Brook trout, Michigan’s state fish, often are associated with tiny, jump-across creeks. Angling means belly-crawling to their edges so you don’t spook them before dropping an earthworm or grasshopper into the often gin-clear water to be rewarded with a brilliantly colored 8-inch fish.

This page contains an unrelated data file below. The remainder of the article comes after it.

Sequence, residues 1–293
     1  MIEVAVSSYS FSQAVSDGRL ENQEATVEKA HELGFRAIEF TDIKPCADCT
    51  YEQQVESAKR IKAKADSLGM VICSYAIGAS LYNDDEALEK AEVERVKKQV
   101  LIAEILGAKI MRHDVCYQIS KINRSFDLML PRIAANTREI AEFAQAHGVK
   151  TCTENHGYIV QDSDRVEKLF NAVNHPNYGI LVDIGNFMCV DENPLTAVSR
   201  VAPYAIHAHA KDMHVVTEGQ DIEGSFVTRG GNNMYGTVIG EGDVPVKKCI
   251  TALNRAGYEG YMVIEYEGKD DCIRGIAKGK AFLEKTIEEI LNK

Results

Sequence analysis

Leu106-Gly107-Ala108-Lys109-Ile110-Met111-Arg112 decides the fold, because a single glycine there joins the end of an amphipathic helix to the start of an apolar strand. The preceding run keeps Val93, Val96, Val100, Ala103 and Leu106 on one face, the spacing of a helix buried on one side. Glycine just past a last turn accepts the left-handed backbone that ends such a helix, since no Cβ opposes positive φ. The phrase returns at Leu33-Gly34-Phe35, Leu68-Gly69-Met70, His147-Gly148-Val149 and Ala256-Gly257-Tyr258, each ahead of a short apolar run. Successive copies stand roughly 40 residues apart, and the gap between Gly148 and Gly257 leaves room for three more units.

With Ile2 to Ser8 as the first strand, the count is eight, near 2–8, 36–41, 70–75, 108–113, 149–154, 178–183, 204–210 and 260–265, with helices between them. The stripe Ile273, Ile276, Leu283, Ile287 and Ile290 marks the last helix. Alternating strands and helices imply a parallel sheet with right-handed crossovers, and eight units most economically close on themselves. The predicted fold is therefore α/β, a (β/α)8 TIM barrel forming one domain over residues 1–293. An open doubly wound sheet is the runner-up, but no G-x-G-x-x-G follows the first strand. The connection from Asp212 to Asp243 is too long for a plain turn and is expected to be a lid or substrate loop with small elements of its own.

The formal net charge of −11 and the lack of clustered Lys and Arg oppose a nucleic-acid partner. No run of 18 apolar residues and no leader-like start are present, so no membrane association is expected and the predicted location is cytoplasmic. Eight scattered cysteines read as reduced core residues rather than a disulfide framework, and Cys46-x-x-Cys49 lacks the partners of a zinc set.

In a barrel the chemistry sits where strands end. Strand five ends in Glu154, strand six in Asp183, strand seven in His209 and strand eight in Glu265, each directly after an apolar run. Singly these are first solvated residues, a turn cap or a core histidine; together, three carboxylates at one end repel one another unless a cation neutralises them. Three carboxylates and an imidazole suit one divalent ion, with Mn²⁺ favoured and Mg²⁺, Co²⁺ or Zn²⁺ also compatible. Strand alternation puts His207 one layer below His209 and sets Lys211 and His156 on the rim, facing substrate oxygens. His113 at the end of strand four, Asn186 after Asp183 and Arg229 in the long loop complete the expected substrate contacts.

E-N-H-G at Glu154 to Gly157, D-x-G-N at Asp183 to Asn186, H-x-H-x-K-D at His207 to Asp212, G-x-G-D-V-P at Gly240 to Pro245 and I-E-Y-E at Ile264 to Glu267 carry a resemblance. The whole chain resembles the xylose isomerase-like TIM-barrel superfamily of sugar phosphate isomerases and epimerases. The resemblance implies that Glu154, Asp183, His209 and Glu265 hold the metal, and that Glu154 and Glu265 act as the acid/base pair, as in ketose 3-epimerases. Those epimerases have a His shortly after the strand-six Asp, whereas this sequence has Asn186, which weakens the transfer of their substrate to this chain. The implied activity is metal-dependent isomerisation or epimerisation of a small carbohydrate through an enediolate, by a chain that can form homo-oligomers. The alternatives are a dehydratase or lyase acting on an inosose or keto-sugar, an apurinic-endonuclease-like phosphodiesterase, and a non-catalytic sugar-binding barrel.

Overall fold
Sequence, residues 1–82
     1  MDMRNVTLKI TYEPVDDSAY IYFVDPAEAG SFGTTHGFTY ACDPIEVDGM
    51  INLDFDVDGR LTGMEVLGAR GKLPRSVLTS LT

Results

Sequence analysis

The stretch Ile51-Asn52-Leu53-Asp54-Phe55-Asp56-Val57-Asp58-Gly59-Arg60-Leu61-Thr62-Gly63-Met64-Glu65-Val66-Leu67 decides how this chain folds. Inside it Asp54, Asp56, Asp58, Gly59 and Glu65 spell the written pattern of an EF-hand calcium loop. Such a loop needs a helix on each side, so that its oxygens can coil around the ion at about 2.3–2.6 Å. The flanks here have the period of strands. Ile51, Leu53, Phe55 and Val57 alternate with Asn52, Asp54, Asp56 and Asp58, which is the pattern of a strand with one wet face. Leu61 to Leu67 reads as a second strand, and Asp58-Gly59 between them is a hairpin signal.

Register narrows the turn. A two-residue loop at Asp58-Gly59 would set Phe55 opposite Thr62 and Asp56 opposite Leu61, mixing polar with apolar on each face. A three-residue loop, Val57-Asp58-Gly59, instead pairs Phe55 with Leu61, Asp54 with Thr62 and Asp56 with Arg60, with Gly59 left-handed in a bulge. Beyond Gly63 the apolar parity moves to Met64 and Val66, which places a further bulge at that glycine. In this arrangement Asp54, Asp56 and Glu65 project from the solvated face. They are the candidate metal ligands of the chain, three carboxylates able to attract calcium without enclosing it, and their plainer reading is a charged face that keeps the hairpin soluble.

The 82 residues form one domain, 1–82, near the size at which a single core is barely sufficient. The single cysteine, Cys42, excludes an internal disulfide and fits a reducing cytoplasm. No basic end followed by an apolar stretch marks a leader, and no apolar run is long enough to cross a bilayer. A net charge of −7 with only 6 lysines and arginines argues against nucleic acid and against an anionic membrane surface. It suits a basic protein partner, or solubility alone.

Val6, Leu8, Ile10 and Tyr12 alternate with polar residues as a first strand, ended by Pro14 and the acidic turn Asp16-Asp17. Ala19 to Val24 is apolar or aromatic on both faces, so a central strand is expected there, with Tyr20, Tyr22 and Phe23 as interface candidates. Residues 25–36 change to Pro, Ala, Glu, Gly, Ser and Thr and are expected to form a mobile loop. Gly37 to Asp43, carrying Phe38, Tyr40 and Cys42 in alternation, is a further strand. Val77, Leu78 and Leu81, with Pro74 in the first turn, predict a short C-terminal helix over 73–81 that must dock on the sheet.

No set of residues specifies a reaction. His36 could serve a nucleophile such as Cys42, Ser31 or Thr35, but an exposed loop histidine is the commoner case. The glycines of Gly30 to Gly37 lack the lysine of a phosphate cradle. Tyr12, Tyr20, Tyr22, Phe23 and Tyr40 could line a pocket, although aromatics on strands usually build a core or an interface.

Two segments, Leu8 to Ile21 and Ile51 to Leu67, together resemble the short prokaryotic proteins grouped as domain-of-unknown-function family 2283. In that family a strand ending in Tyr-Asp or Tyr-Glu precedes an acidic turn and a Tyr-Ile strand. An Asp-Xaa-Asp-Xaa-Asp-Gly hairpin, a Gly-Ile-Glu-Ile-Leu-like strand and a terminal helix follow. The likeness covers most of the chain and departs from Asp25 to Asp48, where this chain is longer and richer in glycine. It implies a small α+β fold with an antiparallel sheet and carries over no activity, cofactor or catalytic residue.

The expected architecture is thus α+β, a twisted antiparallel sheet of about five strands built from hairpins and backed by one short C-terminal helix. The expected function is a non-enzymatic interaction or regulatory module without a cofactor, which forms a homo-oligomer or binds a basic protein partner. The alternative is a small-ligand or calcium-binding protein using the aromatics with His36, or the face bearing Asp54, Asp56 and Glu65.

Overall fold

But brook trout live in larger rivers as well, and often the biggest challenge to catching them is reaching that big water. The streams often are bordered by large tangles of tag alders and crisscrossed with deadfalls. I recently encountered that situation in the Upper Peninsula. But fortunately, I went with three guys who were veterans of dealing with the issue.
Their answer? Belly boats.